Mowbray said that in addition to the funding imbalance, which is particularly pronounced in the north east, there was also a problem with the region's distance from the arts council’s centralised decision-making process.

He said more needed to be done to ensure decisions "are made by people in the region who understand the impact that [lottery funding] can have.”

Speaking after his appearance at the committee hearing, fellow co-chair David Budd told Museums Journal that local authority cuts to culture had been more severe in the north east, with budgets falling 23% since 2011/12 in the region compared to an average of 18% across England overall.

He added: “Local authority reductions have led to a wide ranging loss of arts and heritage posts, and together with the loss of staff in arts council's north east office, the region now has reduced capacity to plan, develop and deliver projects and promote arts lottery activity.”

Budd called for “a more balanced distribution of lottery funding, devolved decision-making and more local partnership working with Arts Council England”.

The select committee will sit again shortly to hear evidence from other arts sector representatives, including the arts council’s chairman Peter Bazalgette.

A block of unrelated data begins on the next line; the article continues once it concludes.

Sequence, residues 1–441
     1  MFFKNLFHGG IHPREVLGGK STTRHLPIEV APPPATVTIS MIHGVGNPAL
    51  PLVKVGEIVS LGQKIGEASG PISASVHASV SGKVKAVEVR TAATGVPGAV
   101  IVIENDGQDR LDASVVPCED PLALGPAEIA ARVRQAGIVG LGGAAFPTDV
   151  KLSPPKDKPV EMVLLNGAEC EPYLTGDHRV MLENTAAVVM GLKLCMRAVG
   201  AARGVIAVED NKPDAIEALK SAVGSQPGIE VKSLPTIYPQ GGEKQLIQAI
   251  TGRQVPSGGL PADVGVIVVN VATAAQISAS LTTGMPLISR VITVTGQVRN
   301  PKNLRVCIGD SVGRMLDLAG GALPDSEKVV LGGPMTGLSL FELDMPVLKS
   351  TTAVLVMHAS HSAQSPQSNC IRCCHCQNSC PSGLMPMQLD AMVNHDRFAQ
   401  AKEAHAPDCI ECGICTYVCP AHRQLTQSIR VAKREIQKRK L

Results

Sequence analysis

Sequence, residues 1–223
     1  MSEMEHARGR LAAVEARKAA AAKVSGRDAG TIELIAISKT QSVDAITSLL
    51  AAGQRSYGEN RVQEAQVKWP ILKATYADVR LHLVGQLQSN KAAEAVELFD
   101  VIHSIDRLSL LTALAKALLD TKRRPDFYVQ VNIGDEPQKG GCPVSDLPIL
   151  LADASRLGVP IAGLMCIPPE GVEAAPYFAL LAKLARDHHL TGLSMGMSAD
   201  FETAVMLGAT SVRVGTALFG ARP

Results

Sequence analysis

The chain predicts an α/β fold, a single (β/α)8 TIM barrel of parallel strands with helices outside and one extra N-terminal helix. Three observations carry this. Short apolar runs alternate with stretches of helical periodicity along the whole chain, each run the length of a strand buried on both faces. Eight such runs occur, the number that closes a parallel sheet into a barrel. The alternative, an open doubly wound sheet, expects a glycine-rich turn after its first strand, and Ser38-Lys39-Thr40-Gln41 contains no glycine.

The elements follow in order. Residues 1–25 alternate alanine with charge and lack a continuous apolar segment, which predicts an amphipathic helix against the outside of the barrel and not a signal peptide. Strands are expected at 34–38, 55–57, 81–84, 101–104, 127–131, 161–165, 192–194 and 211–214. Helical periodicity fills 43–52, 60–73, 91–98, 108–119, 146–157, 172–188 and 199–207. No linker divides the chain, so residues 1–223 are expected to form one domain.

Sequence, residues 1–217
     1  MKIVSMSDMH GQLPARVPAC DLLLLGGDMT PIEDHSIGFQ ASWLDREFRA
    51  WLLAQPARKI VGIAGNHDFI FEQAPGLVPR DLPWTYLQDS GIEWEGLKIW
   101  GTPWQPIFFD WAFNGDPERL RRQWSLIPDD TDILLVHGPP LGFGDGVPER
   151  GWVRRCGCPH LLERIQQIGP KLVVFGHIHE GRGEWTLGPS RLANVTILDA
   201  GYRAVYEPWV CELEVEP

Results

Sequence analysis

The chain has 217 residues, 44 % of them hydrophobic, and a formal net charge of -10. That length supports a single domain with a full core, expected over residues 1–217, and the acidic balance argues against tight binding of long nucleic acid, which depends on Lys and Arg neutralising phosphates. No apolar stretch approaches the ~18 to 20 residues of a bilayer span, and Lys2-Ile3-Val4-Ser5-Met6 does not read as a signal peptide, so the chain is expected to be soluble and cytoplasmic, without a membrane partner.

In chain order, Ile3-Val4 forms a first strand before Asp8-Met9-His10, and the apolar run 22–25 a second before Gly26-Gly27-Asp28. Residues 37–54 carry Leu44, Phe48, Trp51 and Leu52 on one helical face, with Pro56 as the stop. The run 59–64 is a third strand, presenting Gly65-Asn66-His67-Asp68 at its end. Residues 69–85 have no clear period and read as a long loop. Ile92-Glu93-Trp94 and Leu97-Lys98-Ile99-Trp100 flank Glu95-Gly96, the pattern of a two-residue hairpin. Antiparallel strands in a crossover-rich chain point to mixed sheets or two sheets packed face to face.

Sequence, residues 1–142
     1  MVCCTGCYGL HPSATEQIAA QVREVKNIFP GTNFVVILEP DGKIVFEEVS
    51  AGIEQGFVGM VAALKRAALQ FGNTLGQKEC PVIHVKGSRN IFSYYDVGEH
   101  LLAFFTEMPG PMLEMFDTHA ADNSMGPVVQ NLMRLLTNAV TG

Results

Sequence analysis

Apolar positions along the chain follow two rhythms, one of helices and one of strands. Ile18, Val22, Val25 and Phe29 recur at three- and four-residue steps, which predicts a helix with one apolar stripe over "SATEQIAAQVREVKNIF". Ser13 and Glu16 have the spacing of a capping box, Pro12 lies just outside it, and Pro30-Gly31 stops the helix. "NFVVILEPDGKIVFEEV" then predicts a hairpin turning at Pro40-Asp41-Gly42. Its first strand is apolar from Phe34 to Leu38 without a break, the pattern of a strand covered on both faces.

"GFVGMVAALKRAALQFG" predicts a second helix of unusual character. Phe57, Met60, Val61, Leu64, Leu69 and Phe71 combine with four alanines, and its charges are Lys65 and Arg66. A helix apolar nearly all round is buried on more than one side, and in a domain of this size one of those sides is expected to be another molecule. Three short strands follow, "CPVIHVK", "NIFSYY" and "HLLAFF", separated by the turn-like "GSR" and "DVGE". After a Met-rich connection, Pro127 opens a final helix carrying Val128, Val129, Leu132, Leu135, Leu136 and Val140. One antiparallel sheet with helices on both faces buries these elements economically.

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Judith Martin
Project Organiser, Industrial Buildings Preservation Trust
21.05.2014, 20:27
There's no doubt that the subsidised sector in London disseminates elsewhere, both to the commercial sector and , sometimes, to the rest of the country. But by concentrating the major nationally funded bodies in London, DCMS and ACE ensure that young people have to move there to begin their careers. As with internships, this is a whole lot easier if you have generous parental support. As everyone knows, London is a very expensive place to live. So the London/rest-of-country, rich/poor divide becomes deeper. It is absurd to have a policy which effectively empties the rest of the country of their talented young, forcing them to cram into the overheated capital.
The arts in the NE are phenomenal, yet ACE has recently withdrawn funding status from the Side gallery and collective, the little organisation that could be said to have kick-started the whole of Newcastle's quayside regeneration. Peter Mowbray has every right to protest.
MA Member
15.05.2014, 11:54